This week: a deputy head at a primary school in the South West.
As a teacher, there is little worse than knowing that a child you work with is leading a much less than perfect life, and feeling powerless to do anything about it.
Although it seems heartless to categorise them, we can probably all remember pupils who have made us feel this way: neglected children who go back for thirds at lunchtime because it's all they will get until tomorrow; pupils who care for their parents and haven't done their homework because they spent the evening feeding, bathing and reading bedtime stories to younger siblings; pupils who tell you "Mum's not coming to parents' evening 'cos she says there's no point".
There are the families with two clean, healthy dogs and three malnourished children crawling with nits. What's worse is that the majority of these families are what the press like to describe as "known to the school and social services".
Every now and then, as happened to me recently, you find yourself called on by children to hear their cries for help, to listen to their disclosures - the truths they have never told anyone. They look up at you while they put their horrors into words, with wide eyes as if to say, "I've chosen you for a reason. Please help."
In all schools, procedures are followed, paperwork is completed and phone calls are made. But once in a while you are left with the feeling that it has made no difference.
Sometimes other agencies visit the family and discuss how they can "help". Sometimes the child is expected to miraculously repeat their disclosure, word for word, to an unfamiliar social worker so it can be used as evidence. With no leading questions allowed, five-years-olds can rarely do this. So we pop round and check, but we can't take it any further.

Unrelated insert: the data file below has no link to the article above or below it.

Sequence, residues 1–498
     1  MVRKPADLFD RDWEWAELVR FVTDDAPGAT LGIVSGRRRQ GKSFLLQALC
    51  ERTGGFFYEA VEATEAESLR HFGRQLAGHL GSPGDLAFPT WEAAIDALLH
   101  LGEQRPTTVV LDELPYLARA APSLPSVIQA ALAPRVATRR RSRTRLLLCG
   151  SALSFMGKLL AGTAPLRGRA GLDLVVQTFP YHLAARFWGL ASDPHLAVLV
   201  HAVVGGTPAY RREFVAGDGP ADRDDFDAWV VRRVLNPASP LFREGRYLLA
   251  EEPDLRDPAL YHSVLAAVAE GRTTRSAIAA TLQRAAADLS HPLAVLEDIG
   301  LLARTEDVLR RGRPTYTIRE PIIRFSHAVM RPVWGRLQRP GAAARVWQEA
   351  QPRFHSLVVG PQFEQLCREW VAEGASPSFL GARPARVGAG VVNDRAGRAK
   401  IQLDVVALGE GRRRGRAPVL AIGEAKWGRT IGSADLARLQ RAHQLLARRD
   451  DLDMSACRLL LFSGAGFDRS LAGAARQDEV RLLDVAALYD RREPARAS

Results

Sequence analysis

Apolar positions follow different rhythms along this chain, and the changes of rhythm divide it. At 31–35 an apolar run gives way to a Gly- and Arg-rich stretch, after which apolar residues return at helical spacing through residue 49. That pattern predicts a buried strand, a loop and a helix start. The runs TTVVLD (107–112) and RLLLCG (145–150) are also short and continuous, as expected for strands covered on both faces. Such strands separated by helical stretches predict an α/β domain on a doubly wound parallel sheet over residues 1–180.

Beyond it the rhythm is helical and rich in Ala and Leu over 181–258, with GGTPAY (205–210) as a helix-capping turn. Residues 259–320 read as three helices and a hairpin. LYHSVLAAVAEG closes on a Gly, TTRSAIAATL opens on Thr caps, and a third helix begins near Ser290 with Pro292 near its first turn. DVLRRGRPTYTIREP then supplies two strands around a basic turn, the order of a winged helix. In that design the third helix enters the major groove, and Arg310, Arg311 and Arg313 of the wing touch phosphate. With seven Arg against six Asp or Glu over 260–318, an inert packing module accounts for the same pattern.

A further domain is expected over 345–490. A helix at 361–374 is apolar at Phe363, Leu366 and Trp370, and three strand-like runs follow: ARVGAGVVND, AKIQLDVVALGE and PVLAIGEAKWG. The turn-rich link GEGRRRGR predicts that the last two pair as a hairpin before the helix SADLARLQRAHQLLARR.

It seems to me that the system is set up only to respond to marks and bruises. In my experience, this discovery on a child triggers action, police and child-protection plans. But we all know there are many other damaging symptoms and side effects of abuse that cannot be seen on the skin. We see them manifested in our pupils' daily lives at school, but they just don't seem to be taken seriously. Yet no blame can be placed at the doors of the social workers. The ones I have met are just as bound by procedure as we are and, when discussing cases with them, I can see my feelings of powerlessness reflected in their eyes.
On child-protection courses we are warned of the dangers of being too reactive to abuse and separating too many children from their parents. This I understand. But the system is not right. Just because a solution is difficult, complex and a fine balancing act, does this mean we should stop striving to find one?
To tell us what terrifies you or to share the unscripted events that have happened in your classroom, email firstname.lastname@example.org.